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Wear Your Music

Wear Your Music

2019 FedEx Small Business Grant Contest Alumni Choice Award Winner

2019 FedEx Small Business Grant Contest Alumni Choice Award Winner

An image of Wear Your Music founder, Hannah Garrison.

How one artist's garbage is another artist's treasure

It all started when musician friends came to visit Hannah Garrison’s home. They would come by to play, and after they’d leave, she’d find a trail of worn-out guitar strings in their wake. A jeweler by trade, Hannah started using the leftover strings to create bracelets. Soon, she launched a business selling those bracelets and, in the process, has made the world just a little cleaner.

Tell us more about your business?

Wear Your Music makes guitar string bracelets, but in the bigger picture, we’re trying to green the music industry. Guitar strings aren’t technically recyclable. We estimate 26 sets of used guitar strings equal one pound of discarded metal, which is over a million pounds of guitar strings that end up in landfills every single year. We estimate that we remove more than 10,000 pounds of guitar strings every year from the waste stream by turning them into bracelets. Now it’s become a much bigger project as we source guitar strings used by famous artists all over the world, from Metallica to Eric Clapton to James Taylor to John Mayer. Then we take a portion of the profits that are raised in the sales of these bracelets, and we donate them to charity. The charity is selected by the musicians themselves.


How did you launch?

I was selling at different farmers markets and festivals, and I noticed there was an incredible amount of attention paid to my guitar string bracelets. I later met with the head of a jam band magazine, and since he had the music industry connections, I pitched him the concept of making bracelets out of famous musicians’ guitar strings. That was the genesis of the business.


How did you develop the know-how to get started?

I grew up working in my aunt and uncle’s store on Block Island off the coast of Rhode Island — so, basically working in sales. There’s a lot of sweat equity in entrepreneurship, and I grew up seeing that, so it wasn’t unnatural for me to put in hard work very early on.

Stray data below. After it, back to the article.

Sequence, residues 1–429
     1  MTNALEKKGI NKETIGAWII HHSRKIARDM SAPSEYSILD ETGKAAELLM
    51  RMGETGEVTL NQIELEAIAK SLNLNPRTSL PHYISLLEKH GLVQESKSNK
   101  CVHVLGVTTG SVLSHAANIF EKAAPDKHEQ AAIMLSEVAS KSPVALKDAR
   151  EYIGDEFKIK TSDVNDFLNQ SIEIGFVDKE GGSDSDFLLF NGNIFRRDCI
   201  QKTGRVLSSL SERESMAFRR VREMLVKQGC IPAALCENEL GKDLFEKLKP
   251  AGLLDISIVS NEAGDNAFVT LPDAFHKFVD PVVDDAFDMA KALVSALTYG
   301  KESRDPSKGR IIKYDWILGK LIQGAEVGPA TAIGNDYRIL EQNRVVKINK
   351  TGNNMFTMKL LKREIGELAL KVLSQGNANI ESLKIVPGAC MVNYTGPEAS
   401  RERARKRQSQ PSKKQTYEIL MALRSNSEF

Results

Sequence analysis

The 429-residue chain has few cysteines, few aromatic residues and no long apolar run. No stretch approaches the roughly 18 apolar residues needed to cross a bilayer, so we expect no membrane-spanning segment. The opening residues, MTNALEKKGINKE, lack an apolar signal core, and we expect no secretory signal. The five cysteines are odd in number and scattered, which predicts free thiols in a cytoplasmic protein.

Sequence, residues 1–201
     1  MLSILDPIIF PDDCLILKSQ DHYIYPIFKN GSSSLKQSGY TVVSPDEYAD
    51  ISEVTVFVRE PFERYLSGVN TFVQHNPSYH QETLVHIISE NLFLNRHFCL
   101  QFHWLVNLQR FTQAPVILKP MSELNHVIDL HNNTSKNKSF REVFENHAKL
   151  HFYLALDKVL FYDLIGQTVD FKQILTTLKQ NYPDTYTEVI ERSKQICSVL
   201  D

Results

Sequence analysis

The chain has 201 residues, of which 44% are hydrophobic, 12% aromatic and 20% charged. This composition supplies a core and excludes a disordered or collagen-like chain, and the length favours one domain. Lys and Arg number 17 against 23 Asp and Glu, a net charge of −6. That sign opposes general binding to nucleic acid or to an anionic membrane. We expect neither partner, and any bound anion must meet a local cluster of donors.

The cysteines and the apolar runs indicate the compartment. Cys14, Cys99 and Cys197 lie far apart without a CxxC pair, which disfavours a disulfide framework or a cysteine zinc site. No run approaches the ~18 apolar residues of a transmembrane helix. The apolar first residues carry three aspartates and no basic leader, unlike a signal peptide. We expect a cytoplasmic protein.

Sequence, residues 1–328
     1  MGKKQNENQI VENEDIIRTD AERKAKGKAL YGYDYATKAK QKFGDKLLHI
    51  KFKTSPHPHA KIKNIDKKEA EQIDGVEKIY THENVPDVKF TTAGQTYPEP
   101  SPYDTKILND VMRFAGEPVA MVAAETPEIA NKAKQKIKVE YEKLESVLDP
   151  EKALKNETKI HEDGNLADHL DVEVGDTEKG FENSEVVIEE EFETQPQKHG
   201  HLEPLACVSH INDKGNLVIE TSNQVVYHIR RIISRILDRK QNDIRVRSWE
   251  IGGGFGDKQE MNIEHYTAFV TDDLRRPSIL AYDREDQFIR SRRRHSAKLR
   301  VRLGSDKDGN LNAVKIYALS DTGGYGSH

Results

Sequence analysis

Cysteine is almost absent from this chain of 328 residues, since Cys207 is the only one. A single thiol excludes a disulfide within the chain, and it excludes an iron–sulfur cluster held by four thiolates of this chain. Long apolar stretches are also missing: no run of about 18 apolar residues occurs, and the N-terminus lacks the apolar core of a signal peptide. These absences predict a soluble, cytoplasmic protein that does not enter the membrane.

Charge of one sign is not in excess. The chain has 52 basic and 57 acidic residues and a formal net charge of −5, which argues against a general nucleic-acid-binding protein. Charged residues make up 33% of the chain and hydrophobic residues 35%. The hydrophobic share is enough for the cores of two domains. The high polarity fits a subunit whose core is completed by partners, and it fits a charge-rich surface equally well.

What does this FedEx Small Business Grant mean to you?

For me, it wasn’t solely about the grant money, but also the opportunity to get in touch with a community of entrepreneurs. I have hopes of finding others who are at a similar stage with their businesses as I am.


3 Small-Business Tips for Success

Navigating the path for your small business is a constant learning process. Here are Hannah’s top tips.

  1. Prioritize Organization and Time Management
    Hannah says, “The better you are at time management and organization, the more successful you will be. I don’t know any successful entrepreneur who is bad at organization. It’s something you should prioritize early on.”

  2. Take Care of Your Mental Health
    According to Hannah, your output as an entrepreneur and the profitability of your business are directly related to your mental health, so make self-care a priority.

  3. Find Time for Freeform Thinking
    Hannah says, “Every morning I take a two-to four-mile walk. It’s the time when I do my best thinking. It’s just one foot in front of the other. It’s a freeform structure that I wouldn’t be able to have if I worked a 9–5 job. I always make sure to carve out time that is single-task oriented, which is essential for entrepreneurs, because so much of your time is spent multitasking.”


FedEx Small Business Grant winners like Hannah are doing creative and exciting things in their businesses. See more inspirational winner stories and get insights for business success from past grant winners, plus other entrepreneurs and small-business experts.